Some people are upset whenever art becomes sport on a scale as grand as the Olympics. Others are pleased. In the case of karate, Black Belt Hall of Famer Tokey Hill is among those who are happy. Here's why.

For decades, officials in numerous karate organizations, both international and domestic, have labored to get karate added to the Olympics. Many martial artists thought it would never happen, in part because of redundancy. After all, the Games already have two striking sports (boxing and taekwondo) and a kicking sport (taekwondo). Adding karate sparring, they argued, wouldn’t bring anything new to the event.


Then on August 3, 2016, the International Olympic Committee voted to add karate, along with baseball, skateboarding, surfing and climbing, all in an effort to attract more young people to the Games. Yahoo! Sports reported that the inclusion of karate will bring approximately 80 martial artists from around the world to Tokyo to vie for medals.

Presented here is an interview we did with Black Belt Hall of Famer Tokey Hill, the man at the forefront of the U.S. effort to have karate added to the Olympics. It was conducted several months before the IOC's announcement.

— Editors

Tokey Hill

ART: KARATE

ADDED TO THE OLYMPICS: 2020

EXPERT: Tokey Hill, Black Belt Hall of Famer, former karate world champion

QUESTION: Are you optimistic that karate will become an Olympic event? If it does, will it change the art?

TOKEY HILL: Yes, I think it will be in the Olympics, and that will really change the art. But I like to look at the positive side of the issue. If the Olympic rings are on display at any karate training center, it’s going to have a positive impact and great advertising value. Programs will need to have Olympic accreditation to maintain the highest standards.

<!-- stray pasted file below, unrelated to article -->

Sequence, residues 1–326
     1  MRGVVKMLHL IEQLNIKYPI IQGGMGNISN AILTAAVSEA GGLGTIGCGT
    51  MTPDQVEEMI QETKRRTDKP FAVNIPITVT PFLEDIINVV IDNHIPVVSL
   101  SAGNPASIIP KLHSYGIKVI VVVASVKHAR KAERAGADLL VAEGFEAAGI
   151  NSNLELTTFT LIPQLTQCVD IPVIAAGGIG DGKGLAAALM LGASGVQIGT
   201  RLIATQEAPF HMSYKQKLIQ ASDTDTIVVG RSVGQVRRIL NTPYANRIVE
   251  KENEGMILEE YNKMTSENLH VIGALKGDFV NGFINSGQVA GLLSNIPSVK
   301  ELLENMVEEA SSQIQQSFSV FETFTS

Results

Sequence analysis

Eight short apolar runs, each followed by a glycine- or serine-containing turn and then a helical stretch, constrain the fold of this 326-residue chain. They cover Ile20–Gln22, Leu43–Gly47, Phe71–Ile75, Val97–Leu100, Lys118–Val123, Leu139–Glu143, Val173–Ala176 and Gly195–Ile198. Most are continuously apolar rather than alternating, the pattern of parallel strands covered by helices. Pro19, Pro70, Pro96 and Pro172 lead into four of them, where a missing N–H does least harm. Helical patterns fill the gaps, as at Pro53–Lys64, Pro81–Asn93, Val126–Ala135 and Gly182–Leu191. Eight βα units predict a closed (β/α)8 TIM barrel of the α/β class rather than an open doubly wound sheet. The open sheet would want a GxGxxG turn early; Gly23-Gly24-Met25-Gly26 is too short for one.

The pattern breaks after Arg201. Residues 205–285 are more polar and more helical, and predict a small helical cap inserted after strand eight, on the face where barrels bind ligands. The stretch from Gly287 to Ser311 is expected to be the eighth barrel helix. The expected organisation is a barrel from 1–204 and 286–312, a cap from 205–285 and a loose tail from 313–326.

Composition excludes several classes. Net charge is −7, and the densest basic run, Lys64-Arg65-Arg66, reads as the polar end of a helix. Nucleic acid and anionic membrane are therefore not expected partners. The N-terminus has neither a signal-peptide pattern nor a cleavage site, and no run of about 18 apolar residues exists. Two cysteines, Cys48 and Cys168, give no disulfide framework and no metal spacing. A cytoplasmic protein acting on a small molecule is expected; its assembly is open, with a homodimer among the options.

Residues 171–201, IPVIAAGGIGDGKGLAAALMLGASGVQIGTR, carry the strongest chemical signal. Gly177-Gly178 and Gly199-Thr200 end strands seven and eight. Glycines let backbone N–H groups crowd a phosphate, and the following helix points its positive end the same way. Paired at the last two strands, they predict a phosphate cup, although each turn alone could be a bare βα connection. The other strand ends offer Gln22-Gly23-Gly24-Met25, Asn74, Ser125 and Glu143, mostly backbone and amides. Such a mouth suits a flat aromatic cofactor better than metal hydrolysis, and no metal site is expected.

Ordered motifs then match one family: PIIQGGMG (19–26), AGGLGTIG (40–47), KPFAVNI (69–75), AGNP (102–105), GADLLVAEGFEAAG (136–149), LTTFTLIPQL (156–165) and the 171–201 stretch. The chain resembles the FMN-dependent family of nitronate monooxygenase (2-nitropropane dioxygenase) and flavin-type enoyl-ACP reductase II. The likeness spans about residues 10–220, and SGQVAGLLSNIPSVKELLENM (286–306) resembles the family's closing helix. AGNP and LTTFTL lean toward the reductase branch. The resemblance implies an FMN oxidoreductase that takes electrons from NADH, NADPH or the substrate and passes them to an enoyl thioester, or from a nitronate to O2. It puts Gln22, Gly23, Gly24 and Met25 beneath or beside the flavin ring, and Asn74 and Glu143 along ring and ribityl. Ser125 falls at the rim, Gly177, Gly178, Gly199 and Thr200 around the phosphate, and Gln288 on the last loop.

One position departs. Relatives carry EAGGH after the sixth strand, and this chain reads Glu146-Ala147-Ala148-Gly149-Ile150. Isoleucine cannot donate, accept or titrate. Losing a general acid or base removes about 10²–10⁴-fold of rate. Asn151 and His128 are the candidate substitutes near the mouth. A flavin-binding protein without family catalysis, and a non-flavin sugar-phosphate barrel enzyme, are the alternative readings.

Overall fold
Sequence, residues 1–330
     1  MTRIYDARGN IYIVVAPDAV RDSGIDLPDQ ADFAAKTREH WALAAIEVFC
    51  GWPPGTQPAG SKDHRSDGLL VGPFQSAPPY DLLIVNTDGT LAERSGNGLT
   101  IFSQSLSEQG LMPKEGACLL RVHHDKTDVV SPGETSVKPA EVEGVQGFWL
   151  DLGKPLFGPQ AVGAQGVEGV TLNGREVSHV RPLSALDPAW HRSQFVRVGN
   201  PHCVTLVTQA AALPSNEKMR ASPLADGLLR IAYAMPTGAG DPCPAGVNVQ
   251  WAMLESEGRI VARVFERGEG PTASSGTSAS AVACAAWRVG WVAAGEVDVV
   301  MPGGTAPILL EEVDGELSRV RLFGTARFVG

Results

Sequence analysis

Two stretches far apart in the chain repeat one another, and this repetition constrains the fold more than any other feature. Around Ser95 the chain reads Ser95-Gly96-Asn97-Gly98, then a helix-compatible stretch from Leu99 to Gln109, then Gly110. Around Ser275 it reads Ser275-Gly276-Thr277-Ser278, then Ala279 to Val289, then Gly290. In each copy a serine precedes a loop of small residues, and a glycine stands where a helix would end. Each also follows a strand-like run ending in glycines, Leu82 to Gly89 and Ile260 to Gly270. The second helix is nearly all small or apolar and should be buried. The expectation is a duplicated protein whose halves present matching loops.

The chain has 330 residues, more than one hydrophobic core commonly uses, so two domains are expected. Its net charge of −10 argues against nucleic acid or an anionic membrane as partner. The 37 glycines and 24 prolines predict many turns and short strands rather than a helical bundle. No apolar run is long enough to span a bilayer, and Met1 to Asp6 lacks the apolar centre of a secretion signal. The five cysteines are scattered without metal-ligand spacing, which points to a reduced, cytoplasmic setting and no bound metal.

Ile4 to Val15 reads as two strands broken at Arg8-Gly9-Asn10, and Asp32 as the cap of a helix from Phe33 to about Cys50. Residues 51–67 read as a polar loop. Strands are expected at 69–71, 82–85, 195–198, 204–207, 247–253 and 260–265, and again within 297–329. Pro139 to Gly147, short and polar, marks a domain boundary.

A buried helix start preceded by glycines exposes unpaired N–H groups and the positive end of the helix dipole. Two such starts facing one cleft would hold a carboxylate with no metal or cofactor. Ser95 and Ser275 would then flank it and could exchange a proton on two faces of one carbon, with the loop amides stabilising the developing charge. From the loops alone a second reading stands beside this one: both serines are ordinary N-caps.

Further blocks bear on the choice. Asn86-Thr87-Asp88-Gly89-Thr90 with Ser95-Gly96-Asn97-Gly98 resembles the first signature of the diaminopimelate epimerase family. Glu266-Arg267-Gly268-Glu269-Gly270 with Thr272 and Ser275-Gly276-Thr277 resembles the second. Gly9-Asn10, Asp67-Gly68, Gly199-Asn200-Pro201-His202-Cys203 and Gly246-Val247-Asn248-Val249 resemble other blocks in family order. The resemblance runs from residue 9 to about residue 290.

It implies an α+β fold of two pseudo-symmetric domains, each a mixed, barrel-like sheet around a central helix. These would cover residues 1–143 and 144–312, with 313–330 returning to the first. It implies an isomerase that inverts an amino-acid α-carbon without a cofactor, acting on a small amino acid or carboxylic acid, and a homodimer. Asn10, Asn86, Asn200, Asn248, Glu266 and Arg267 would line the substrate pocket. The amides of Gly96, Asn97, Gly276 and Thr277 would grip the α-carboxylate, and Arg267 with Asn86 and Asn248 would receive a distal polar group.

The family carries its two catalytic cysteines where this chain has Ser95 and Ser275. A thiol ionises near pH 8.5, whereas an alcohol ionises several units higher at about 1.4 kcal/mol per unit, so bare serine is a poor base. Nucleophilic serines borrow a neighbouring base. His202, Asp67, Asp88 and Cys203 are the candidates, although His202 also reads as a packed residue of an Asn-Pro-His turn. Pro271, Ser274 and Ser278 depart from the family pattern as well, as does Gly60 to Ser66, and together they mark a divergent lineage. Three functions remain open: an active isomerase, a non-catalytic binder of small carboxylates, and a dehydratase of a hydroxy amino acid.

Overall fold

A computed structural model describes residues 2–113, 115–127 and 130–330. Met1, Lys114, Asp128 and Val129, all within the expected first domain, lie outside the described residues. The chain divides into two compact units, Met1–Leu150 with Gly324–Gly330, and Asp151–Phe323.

This way, it will ensure that an instructor and a dojo have the right technical background and knowledge. I talk with a lot of Olympic Committee members from this country and others, and they all agree on these issues.

QUESTION: If karate becomes part of the 2020 Olympics, will it change from a martial art to a martial sport?

TOKEY HILL: For sure. However, the World Karate Federation, which is recognized by the IOC, is trying to keep the philosophical content of karate as a martial art in its purest form, which means maintaining its traditional background.

QUESTION: Many martial artists are against arts becoming sports, but you seem to be in favor.

TOKEY HILL: As long as we preserve as much tradition as possible — respect, discipline and the core values — it can be a good thing.

QUESTION: Do you think being in the Olympics would boost the popularity of karate overall?

TOKEY HILL: Absolutely. If a country’s national governing body for karate strategically puts in place a public-relations and marketing campaign, it will directly affect karate at the grass-roots level. Of course, that will require proper instructor education.

QUESTION: Would the transformation from art to sport cause karate to lose its lethal fighting techniques?

TOKEY HILL: Yes and no. However, even people who compete in karate now focus on major strikes that can immobilize an opponent as well as an attacker, and those strikes are not necessarily lethal ones. Most parents take their children to the dojo to learn discipline, self-confidence, character building and self-esteem, all of which makes them pillars in society. And they would still be able to do that.

The small percentage who want their children to become sports champions would have what they want, too. Karate can serve as a self-defense system with or without lethal techniques. All forms of karate are great as long as they’re taught with the right values.

SPECIAL POST-ANNOUNCEMENT UPDATE!